He hit the headlines in the Western press when he announced his decision to give up the internet empire that he had founded so he could focus on real life. He also stunned guests at the Clinton Global Initiative charity event in New York when he declared that “if you are still poor aged 35 then you deserve it”. Jack Ma is often referred to as the prototype of the enlightened entrepreneur who wants to disrupt business models, but also has a ruthless and direct vision of success. This is his story.
From the bottom with determination
The richest man in China started to build his empire at a very early stage. Born in 1964 in the eastern province of Zhejiang, at the height of the cultural revolution, he decided to focus on English at the age of 12 to try to improve his family condition. For almost eight years, he rode his bicycle 40 minutes a day at any temperature and in all types of weather to reach the hotel where he picked up tourists to show around as a volunteer guide. This experience allowed him to improve his command of the language and above all to glimpse ways of life that were very different to that of China. He graduated in English and started a career as a university English teacher.
In 1995, aged 31, he went to Seattle as an interpreter for a trade delegation and in the USA he was struck by the Internet. He immediately had the idea of using it for a new way of doing business. He decided to give it a try: “No matter what you do,” he later said, “regardless of failure or success, experience is a form of success in itself. You have to keep trying and if it doesn’t work, you can always go back to what you were doing before.”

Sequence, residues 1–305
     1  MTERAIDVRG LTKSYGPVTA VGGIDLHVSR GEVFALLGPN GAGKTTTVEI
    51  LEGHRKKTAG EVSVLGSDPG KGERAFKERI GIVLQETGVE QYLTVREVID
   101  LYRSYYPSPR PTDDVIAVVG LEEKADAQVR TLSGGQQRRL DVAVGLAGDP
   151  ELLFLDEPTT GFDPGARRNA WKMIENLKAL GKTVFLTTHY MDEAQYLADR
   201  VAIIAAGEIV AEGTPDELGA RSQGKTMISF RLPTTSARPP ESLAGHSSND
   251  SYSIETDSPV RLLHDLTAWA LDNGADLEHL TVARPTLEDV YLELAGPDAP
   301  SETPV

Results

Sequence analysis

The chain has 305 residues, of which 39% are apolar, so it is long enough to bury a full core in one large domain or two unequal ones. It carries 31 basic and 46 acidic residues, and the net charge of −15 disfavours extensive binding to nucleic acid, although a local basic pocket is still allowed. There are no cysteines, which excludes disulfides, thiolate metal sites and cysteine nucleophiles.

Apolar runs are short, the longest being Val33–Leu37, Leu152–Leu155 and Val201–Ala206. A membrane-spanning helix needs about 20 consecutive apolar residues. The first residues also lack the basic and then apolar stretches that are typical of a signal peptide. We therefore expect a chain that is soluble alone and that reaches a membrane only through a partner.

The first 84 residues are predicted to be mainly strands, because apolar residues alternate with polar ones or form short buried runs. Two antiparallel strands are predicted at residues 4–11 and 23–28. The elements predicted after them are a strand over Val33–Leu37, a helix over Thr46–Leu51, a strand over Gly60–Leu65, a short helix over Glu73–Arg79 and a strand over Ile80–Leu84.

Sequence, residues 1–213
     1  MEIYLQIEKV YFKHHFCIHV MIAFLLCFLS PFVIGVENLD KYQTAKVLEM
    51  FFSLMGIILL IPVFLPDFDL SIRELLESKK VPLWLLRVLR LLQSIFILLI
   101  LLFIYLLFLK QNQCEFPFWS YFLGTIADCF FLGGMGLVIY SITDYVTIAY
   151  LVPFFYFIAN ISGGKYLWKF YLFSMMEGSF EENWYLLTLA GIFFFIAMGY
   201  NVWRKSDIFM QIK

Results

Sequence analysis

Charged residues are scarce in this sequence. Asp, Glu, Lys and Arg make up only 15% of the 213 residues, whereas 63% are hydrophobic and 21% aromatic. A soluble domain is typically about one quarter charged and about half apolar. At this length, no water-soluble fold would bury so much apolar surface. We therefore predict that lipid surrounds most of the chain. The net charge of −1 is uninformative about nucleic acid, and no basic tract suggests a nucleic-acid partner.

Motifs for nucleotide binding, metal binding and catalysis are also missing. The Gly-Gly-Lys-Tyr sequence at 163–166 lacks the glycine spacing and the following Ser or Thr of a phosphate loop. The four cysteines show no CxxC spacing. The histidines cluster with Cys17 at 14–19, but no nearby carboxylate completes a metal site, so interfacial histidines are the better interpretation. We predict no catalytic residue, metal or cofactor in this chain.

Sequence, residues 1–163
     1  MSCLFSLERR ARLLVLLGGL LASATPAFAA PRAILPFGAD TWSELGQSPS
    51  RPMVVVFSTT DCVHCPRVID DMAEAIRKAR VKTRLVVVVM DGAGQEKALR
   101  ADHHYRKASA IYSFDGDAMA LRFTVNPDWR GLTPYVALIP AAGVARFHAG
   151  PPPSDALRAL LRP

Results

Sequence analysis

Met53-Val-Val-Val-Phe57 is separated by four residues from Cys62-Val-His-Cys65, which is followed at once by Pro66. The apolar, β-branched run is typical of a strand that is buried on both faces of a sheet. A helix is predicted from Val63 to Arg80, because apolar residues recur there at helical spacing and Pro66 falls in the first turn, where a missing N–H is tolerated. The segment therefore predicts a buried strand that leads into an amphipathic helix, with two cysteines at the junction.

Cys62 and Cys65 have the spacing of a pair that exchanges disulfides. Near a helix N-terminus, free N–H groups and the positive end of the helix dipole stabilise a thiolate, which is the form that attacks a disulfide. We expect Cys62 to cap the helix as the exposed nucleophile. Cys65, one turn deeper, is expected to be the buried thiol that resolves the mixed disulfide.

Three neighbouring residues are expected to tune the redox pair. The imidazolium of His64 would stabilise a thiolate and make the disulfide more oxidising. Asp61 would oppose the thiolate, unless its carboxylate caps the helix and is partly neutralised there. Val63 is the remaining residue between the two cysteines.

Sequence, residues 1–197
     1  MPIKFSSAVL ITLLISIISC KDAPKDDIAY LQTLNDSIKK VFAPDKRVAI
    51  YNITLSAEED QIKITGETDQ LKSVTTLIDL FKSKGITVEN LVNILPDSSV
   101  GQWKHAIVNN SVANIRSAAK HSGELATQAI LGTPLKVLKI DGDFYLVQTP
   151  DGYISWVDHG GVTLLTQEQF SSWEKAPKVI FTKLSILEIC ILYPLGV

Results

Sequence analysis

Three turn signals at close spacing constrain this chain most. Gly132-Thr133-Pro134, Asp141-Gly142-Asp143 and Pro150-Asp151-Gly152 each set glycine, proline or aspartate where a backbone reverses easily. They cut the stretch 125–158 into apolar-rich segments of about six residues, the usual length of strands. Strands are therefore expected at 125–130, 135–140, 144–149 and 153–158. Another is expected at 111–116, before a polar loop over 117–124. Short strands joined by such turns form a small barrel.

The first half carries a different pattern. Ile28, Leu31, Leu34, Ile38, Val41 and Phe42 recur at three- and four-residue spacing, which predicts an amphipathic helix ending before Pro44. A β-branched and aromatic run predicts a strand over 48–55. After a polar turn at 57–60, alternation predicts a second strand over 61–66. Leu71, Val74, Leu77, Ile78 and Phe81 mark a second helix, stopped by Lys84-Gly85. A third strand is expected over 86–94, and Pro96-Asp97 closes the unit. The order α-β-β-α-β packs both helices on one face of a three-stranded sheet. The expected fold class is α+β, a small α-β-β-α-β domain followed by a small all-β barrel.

In 1999, he founded Alibaba, the world’s largest e-commerce site, with the help (and money) of 17 people who he convinced to become his partners with an initial funding of 60,000 dollars. The company is now worth around 440 billion dollars and analysts estimate that it will reach 1 trillion by 2020.
In its first year, the newly formed company received 25 million dollars from various other credit institutions; it became profitable in December 2001. In 2003, Ma also founded the online sales platform Taobao and in December 2004 he opened Alipay, the online payment service that supports Alibaba.
Valued at 25 billion dollars, the Chinese online giant’s 2014 landing on Wall Street has gone down in history and seems ready for an encore: within the year, the group could get new support from the market with a second IPO on the Hong Kong Stock Exchange. The hope is to raise at least 20 billion to support new technological innovation with which to minimize the effects of the trade war between Beijing and Washington.
The shock announcement
Jack Ma will no longer be head of Alibaba when it is listed in Hong Kong. He has been working on his exit from the group for several months, ever since he publicly promised: “I will retire when I am still young so I can enjoy my life. I don’t want to die in my office. It’s better to die on a beach under an umbrella.”
He stepped down as CEO in 2013, replaced by the loyal Daniel Zhang, and he will leave the role of executive chairman on 10 September 2019. “Ten years ago,” he told the South China Morning Post, one of his newspapers, “I met with top executives and we asked ourselves what Alibaba would have done without me. Today I am proud of the fact that Alibaba has the structure, the corporate culture, the governance and the systems to nurture talents who will allow me to take a step back without causing problems to the company.” And this strength is not the result of recent work: “We achieved this success today not because we did a great job today, but because our dream was born 15 years ago.”
Based on the model of Bill Gates, he will make philanthropy in education his new job. He wants to communicate to young people what he learned by creating Alibaba: “We need to help young people because children will grow up one day and if we raise them well they will have the strength and intelligence to change the world.”